Preparing for Green Hill High School's opening in August 2020 has been a constant focus for Wilson County Schools, but the biggest challenge may be one that exists beyond the county level.
Multiple area universities such as Middle Tennessee State University are reporting decreased enrollment in their teaching programs, meaning fewer candidates to choose from as the district looks to staff a new building and maintain its existing schools.
At its meeting, the Wilson County Board of Education discussed its plans to address staffing issues, whether in the classroom or on the bus route.
"We've been pretty fortunate that most of the time when we start school, we have most of the positions filled," Deputy Director of Employee Relations Rebecca Owens said. "But if we have somebody that leaves, we have a really hard time filling those positions, especially in … math, special education, chemistry, physics, our world languages such as Spanish, ESL (English as a Second Language) and some of the CTE (Career and Technical Education) classes. We are going to be on a difficult journey this year because we're opening a new high school, but (Principal) Kevin (Dawson) is ready."
Partnerships with Cumberland University and Trevecca Nazarene University, along with other area schools, are a large part of the district's effort to shore up the teacher base.
"We have meetings with (them) every year, talk about what our problems are and what we want to do," Owens said. "One of the things we've talked about is trying to build up a pipeline to get nontraditional students into the program."
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Board member Larry Tomlinson said universities are also concerned about the number of high school graduates entering their education programs and have been willing to work with board members to find solutions, such as encouraging elementary educators to pursue ESL or special education endorsemen.
"The College of Education (at MTSU) is shrinking," Directors of Schools Donna Wright said. "They'd always had a strong presence, but now it's become one of the smaller colleges, and that's not unique to MTSU. You're seeing that at UT Knoxville, you're seeing it at many places that have become known as teacher colonies."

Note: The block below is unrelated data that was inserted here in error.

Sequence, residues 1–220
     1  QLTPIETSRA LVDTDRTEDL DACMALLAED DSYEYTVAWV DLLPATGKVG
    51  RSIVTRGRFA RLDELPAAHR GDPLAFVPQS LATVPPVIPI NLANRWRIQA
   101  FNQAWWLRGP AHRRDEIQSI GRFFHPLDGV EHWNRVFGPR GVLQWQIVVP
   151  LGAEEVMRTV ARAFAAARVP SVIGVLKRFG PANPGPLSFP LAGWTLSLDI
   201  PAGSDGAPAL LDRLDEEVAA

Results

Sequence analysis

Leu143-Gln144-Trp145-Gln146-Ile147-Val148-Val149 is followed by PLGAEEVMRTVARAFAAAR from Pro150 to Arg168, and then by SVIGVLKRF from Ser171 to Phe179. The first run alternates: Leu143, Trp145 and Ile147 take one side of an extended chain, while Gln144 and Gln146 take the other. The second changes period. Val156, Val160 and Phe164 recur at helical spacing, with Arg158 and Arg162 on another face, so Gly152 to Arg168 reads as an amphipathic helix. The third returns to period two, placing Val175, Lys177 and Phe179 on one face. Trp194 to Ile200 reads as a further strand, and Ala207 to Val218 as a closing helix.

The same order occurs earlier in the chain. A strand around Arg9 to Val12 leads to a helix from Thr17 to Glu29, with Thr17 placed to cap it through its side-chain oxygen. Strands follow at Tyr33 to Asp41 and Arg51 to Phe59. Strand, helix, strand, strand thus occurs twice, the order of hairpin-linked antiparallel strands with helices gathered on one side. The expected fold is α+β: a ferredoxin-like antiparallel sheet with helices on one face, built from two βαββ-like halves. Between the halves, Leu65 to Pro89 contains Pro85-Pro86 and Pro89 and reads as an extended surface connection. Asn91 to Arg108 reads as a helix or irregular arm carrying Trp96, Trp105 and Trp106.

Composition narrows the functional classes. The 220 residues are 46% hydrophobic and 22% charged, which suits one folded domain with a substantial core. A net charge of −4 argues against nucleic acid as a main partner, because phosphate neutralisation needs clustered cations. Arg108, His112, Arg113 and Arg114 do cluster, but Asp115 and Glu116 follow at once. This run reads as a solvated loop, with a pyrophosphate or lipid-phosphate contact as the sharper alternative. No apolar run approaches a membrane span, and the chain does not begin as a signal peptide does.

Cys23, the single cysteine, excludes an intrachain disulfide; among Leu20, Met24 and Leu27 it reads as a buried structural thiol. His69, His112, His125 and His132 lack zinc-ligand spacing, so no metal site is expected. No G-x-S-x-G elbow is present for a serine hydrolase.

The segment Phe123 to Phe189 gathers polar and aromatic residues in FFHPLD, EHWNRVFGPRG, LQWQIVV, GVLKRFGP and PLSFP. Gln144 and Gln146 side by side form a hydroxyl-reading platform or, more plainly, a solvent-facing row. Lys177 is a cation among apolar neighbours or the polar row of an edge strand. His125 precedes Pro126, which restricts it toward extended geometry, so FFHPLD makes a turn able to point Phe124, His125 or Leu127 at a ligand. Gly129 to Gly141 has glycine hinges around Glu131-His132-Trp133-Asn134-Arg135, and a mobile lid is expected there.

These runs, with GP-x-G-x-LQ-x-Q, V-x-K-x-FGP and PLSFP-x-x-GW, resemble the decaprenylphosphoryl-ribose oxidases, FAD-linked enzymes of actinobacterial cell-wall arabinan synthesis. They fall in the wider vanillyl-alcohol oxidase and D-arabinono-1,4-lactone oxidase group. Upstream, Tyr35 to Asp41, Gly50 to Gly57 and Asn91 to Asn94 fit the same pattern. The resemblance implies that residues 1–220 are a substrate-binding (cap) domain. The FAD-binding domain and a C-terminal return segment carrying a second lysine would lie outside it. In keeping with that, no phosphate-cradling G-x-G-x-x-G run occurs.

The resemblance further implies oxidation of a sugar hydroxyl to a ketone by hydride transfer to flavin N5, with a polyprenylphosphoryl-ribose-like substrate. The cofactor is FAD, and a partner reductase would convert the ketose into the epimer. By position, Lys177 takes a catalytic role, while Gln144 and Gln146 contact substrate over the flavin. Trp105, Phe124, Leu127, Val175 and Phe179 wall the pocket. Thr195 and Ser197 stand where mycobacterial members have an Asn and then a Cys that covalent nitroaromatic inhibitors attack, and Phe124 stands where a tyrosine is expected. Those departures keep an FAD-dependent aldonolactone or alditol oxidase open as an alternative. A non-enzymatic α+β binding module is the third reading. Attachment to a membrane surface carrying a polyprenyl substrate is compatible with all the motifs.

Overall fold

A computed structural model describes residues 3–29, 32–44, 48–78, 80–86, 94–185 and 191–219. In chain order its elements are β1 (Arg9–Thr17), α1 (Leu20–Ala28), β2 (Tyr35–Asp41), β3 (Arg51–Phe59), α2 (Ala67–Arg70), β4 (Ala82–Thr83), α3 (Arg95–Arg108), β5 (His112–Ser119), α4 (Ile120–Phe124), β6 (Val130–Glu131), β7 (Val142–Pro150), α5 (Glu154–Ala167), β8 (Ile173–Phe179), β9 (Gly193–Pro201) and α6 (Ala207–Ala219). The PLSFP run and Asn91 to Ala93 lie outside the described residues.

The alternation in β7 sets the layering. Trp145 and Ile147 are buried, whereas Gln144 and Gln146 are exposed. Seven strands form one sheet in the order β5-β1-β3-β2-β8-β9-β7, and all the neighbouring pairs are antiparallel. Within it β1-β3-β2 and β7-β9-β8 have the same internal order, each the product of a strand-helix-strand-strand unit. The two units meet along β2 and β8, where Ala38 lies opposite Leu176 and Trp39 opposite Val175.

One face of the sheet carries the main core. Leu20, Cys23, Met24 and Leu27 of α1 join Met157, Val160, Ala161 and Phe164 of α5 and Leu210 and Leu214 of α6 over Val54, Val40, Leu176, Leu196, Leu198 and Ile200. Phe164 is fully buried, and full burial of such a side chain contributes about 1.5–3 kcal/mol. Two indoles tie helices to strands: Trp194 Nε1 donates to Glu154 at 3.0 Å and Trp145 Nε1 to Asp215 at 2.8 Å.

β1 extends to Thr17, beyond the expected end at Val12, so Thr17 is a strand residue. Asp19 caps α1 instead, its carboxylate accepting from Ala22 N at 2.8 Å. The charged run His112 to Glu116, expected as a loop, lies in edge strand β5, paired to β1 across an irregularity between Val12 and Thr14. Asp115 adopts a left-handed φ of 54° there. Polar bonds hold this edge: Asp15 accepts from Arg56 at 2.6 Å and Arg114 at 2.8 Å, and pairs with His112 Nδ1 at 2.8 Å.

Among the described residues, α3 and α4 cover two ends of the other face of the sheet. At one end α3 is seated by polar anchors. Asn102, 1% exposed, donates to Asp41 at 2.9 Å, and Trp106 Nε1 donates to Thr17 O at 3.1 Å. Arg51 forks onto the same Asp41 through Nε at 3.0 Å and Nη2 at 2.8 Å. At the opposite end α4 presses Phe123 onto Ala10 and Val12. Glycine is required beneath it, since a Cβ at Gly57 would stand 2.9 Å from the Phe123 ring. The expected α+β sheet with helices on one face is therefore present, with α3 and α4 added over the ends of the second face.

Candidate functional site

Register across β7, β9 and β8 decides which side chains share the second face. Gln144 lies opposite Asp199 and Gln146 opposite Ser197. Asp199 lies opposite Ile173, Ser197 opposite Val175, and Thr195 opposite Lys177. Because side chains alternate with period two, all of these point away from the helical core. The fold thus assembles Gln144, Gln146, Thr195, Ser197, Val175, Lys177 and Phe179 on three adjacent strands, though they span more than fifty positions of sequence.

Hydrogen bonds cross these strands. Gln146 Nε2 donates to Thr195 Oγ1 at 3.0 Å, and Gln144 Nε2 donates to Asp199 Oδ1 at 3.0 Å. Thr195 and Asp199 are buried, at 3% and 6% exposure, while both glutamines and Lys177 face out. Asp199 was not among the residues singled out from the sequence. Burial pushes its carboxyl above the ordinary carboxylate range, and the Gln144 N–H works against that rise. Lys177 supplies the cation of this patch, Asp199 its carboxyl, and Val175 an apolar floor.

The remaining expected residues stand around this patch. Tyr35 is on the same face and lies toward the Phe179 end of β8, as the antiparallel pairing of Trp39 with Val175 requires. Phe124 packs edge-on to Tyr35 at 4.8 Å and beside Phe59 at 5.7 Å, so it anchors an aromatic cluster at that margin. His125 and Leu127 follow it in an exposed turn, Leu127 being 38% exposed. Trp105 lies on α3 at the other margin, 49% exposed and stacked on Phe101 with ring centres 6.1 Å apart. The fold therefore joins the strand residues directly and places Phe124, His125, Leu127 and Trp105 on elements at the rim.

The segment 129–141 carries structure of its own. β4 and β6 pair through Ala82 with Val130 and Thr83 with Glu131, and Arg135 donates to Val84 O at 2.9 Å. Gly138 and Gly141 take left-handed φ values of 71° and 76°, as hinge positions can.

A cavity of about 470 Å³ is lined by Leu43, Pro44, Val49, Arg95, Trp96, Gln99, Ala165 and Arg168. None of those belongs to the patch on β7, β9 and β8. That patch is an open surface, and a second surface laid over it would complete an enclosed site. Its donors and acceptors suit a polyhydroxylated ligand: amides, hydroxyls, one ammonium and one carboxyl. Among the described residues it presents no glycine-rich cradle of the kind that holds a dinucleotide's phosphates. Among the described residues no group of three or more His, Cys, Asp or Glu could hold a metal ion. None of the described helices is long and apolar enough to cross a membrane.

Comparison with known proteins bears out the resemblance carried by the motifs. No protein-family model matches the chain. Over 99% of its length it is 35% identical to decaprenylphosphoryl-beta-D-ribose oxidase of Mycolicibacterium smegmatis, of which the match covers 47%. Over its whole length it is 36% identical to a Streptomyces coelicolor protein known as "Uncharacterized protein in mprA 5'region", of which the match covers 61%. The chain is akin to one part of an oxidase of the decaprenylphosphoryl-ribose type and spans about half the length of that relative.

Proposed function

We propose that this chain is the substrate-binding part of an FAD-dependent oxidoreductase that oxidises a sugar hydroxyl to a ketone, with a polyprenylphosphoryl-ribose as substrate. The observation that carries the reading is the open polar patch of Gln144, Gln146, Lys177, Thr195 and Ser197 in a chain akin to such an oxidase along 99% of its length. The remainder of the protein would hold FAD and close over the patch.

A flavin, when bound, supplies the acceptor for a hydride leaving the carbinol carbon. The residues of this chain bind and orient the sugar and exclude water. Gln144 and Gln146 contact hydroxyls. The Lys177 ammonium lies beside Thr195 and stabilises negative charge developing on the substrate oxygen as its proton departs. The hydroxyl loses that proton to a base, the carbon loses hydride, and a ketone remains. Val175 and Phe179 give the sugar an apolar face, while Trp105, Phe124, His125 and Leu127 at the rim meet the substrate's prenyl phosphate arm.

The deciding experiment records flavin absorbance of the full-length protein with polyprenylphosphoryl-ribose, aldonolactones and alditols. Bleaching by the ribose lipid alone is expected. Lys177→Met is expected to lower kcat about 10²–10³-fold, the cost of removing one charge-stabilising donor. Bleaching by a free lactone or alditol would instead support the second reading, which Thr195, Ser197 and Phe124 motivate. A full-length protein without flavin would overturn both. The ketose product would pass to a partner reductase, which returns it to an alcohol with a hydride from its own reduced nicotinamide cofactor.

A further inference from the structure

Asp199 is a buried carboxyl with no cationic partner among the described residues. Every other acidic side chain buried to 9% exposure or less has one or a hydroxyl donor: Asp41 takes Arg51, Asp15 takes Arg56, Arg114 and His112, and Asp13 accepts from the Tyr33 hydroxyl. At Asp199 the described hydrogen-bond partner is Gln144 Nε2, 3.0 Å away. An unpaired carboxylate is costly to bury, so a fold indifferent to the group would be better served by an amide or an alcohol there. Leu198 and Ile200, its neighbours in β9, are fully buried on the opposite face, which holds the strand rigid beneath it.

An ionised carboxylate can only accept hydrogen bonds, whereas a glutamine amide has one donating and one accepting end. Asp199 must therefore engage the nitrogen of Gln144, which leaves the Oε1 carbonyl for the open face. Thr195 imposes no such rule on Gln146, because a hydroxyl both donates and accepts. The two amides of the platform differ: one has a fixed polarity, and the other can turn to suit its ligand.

According to the Tennessee Department of Education, the number of freshman college students declaring an education major has fallen from 10% in 2015 to 4.6% as of 2017.
"Looking back at the 2018-19 hiring season, we had 11,351 applicants," Human Resources Supervisor - Certified Personnel Lisa Spencer said, noting that the true number would be lower because of people applying for multiple jobs. "Some of the ways we recruit teachers to our district is that we go out to recruitment fairs at local colleges and universities. We also hold our own career fairs … (and) a lot of social media recruiting. We get a lot of our teachers from recruiting the student teachers (universities) place in our district."
The district also runs a Principal Pipeline program aimed at recruiting leadership from within the school system, and offers a mentorship system for new teachers in an effort to set itself apart from nearby counties.
"(This is) something that's not only unique to Tennessee, but a critical shortage across the country right now," Wright said. "It's heavy over here, but we're competing with Rutherford, Sumner, Davidson County … you go all the way to the state line, north and south, and everyone's hunting for the same people."
Hiring for classified positions like those in the transportation and food service departments has also been an issue for Wilson County Schools, with those positions making up a large part of current staffing needs.
Director of Transportation Jerry Partlow said the department currently has some drivers covering multiple routes even on full attendance days, and workers calling out sick can heavily impact the schedule.
"On Oct. 21, we had three drivers call out," Partlow said. "(That meant) there were five open routes … a grand total of 12 segments that we had to try to cover, and that day we were able to cover them all by using office staff driving, teachers, got a mechanic to drive that day. Oct. 22, we had four drivers off, which constituted seven open routes plus the seven I have to cover every day … we got them all covered with the exception of one."
According to Partlow, potential responses to that issue are not ideal fixes.
"We could look at instituting a parent responsibility zone, where we only get paid from the state for a mile and a half from the school of transportation," he said. "If we did something like that, those parents would have to bring their kids to school. That sounds easy, but there's at least one director of schools that would testify that's not an easy option to sell to the public, much less live through. Our schools are not designed to have people walking to school, and that's just the long and short of it."
Implementing triple start times for buses and allowing them to serve three schools per morning is another option, but Partlow is concerned that it would cost too much money for the school's budget to sustain.
"My drivers are earning more money because they're spending more time on the road out in traffic," he said. "Every week I sign off on time sheets where they've been stuck on I40 or 109 and can't get around. So the easiest thing to do, in my opinion, is to concentrate on hiring individual bus drivers."
The Wilson County Board of Education's next meeting will be held on Dec. 2, with a work session at 5 p.m. followed by the board meeting at 6 p.m.